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New Tool Helps Users Control Which Countries Their Internet Traffic Goes Through


A visualization of Internet traffic.

A new tool developed by Princeton University researchers enables users to redirect their Internet traffic to avoid passing through a particular country.

Credit: Stephen Eick/Visual Insights

Princeton University researchers have developed a tool that enables users to redirect their Internet traffic to avoid passing through a particular country by diverting traffic through intermediate points.

The team began by assessing several countries' efforts to reduce their reliance on U.S. networks for routing their Internet traffic, looking at traffic to the 100 most popular websites in several nations. More than half of all routing paths originating in other countries passed through the U.S., with Brazil having the greatest dependence, with 84% of traffic traveling through the U.S.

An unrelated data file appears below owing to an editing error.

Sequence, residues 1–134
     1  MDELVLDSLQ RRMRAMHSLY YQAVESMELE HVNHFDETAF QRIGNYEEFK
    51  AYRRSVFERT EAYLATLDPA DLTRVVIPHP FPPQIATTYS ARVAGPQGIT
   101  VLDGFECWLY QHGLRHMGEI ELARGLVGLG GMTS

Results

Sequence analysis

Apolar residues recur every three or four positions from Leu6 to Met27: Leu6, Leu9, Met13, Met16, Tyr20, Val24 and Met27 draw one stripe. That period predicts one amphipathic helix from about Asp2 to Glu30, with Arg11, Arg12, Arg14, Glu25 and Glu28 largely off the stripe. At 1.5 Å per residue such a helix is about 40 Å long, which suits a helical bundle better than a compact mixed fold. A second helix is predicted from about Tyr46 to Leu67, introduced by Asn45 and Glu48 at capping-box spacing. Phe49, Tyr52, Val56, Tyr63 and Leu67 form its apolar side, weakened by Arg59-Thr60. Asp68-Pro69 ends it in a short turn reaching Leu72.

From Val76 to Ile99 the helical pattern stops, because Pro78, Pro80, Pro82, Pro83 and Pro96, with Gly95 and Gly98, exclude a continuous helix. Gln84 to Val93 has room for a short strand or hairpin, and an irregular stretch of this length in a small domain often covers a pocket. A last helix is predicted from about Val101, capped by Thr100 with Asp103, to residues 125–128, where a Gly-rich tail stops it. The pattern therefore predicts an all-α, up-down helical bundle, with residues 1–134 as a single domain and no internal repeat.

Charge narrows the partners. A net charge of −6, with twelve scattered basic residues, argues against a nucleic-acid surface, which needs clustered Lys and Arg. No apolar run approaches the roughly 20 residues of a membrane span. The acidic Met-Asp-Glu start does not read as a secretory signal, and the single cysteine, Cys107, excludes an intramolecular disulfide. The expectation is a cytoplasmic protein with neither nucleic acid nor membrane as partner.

To create the tool, called Region-Aware Networking (RAN), the researchers established a network of relays using machines in 10 countries and a mechanism to forward Internet traffic through the relays.

RAN was found to be more effective in bypassing some countries than others, since many popular websites are hosted only on servers in the U.S. or Europe.

By decreasing international routing, tools like RAN could help avoid surveillance and censorship, boost connection speeds, and reduce costs.

From Princeton University
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